Upon entering a psychology laboratory, you and a small group of other participants are tasked with matching a line to one of three other lines of varying lengths. Participants are asked in succession to state aloud which of these line segments have the same length. Sometimes the others’ choices are the same as yours. But occasionally they all seem to agree with each other but not with you.

When it’s your turn to voice your judgments, do you go along with your peers, or stick with your initial assessment?

It could depend a great deal on where you are from.

This experimental task, which has fascinated psychologists and undergraduates alike since the mid-20th Century, shows that an important fraction of people will conform to the inaccurate responses of their peers. This occurs even when the judgement is easy: when people are alone or answer first in a group, they give the correct answers more than 98% of the time.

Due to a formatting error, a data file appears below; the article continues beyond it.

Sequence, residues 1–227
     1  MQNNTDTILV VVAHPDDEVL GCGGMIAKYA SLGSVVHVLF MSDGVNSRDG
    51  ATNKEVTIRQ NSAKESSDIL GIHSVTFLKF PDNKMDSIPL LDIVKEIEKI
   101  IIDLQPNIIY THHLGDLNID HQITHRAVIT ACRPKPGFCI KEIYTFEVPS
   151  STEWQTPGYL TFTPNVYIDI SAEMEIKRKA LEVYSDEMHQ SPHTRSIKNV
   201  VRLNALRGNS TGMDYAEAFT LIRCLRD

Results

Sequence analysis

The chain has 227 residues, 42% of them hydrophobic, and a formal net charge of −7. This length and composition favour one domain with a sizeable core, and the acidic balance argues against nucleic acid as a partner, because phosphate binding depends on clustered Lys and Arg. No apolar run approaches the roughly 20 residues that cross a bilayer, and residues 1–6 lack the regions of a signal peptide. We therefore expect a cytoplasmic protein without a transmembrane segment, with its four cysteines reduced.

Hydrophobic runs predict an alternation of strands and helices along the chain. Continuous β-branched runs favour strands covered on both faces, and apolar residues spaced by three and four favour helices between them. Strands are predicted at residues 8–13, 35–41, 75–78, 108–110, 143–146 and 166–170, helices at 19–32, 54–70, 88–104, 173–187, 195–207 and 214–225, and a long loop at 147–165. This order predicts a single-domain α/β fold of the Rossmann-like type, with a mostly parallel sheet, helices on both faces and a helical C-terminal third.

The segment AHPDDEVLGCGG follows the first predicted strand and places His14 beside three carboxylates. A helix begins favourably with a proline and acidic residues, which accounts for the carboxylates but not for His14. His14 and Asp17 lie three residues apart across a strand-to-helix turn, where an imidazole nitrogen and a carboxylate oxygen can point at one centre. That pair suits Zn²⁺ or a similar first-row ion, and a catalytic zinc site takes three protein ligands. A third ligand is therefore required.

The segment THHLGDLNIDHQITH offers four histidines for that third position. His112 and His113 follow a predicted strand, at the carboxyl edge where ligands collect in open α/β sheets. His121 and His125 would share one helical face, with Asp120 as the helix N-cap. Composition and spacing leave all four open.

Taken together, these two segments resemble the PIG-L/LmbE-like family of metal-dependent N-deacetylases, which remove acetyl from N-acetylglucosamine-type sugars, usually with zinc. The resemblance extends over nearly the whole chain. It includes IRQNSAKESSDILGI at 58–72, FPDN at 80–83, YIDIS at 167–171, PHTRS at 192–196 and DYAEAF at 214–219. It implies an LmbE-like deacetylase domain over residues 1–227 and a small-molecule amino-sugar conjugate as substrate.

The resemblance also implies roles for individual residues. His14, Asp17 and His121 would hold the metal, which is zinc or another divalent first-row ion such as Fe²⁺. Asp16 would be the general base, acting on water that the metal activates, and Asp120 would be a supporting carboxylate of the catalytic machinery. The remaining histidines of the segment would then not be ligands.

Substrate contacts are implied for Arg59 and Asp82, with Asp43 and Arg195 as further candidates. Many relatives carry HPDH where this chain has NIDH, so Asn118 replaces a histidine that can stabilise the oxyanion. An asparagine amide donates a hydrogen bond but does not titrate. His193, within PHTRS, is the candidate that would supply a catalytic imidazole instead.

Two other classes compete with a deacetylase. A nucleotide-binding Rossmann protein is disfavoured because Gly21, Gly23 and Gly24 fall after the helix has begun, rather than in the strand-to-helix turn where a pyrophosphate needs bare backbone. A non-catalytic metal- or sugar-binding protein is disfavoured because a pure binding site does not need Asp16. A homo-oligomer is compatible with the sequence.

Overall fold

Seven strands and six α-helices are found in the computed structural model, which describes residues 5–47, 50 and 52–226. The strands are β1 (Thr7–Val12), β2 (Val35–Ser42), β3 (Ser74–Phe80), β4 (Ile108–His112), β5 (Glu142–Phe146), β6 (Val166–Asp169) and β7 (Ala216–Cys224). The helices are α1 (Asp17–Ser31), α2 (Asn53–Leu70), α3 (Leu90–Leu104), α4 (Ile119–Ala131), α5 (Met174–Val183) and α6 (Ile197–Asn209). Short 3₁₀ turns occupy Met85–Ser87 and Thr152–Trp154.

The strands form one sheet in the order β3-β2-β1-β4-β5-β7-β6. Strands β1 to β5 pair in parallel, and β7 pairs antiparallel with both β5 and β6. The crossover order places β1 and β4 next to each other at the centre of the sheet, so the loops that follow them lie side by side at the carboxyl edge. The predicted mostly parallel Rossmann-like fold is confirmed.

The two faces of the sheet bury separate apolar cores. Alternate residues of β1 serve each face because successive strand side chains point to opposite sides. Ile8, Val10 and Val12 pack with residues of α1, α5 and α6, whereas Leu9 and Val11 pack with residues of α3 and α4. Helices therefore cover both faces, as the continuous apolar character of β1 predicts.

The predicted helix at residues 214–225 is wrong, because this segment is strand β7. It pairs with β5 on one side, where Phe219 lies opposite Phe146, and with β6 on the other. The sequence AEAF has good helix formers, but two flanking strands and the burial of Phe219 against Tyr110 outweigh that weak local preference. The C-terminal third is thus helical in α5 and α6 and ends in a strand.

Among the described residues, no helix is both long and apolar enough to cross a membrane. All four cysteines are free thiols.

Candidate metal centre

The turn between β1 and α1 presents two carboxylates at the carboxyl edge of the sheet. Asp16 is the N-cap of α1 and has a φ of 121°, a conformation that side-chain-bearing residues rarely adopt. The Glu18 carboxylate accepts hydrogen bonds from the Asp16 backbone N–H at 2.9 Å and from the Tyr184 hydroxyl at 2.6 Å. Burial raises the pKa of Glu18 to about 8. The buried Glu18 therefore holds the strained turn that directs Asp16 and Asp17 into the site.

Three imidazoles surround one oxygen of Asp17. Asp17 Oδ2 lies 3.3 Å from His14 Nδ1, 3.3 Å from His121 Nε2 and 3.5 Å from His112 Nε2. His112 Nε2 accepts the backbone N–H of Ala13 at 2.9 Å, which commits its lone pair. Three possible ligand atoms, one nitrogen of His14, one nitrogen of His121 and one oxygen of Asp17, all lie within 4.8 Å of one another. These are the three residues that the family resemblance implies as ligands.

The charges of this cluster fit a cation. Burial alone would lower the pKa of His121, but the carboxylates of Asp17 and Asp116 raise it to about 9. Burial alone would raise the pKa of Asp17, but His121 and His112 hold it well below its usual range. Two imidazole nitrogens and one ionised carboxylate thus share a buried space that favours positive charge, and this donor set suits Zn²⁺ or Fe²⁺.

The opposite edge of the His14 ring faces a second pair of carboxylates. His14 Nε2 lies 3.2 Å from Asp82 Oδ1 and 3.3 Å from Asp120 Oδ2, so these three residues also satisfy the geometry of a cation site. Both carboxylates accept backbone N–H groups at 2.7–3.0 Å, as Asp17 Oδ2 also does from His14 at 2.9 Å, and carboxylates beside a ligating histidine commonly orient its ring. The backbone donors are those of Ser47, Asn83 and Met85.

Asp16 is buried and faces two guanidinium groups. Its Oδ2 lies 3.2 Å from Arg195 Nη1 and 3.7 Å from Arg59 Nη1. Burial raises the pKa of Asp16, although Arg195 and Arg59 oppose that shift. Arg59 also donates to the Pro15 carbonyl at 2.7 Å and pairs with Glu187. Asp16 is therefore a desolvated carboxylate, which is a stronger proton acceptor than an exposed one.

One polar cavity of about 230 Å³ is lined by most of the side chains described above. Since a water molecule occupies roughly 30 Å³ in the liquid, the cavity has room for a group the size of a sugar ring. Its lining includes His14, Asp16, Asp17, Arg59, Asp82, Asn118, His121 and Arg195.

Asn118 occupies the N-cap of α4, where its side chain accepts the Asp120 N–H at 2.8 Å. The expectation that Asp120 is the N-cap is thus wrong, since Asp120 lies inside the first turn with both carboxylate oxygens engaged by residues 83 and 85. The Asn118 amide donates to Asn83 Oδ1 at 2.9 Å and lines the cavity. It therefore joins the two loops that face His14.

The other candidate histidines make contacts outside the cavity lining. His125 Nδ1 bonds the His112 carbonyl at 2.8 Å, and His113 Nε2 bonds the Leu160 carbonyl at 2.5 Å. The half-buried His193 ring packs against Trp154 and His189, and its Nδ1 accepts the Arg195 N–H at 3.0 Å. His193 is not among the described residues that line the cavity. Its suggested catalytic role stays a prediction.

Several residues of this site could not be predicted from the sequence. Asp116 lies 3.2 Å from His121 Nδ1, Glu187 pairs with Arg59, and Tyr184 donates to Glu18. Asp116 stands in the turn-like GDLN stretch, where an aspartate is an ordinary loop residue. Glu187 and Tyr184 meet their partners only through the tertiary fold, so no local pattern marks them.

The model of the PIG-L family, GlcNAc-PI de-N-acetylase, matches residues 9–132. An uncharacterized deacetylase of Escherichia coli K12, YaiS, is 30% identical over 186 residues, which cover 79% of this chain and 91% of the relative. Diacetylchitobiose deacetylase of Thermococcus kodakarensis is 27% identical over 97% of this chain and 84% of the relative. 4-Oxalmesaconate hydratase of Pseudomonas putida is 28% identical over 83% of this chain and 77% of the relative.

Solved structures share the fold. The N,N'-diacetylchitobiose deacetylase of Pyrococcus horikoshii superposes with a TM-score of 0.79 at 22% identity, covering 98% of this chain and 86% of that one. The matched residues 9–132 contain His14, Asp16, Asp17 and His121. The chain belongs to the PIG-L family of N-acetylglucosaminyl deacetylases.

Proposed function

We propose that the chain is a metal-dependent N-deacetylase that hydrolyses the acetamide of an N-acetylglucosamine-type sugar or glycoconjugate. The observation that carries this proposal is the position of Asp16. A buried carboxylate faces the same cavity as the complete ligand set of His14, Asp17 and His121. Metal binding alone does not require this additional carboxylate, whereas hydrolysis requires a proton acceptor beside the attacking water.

Such findings raise two questions. First, despite entering the textbooks as how “people” think, nearly all studies examining this effect were conducted among US students. Yet social commentators, going back to at least Alexis De Tocqueville, have noted that Americans are particularly individualistic and independent. So, are Americans good psychological representatives of Homo sapiens more broadly, as the textbooks imply? Second, why was this result so striking to both researchers and their students?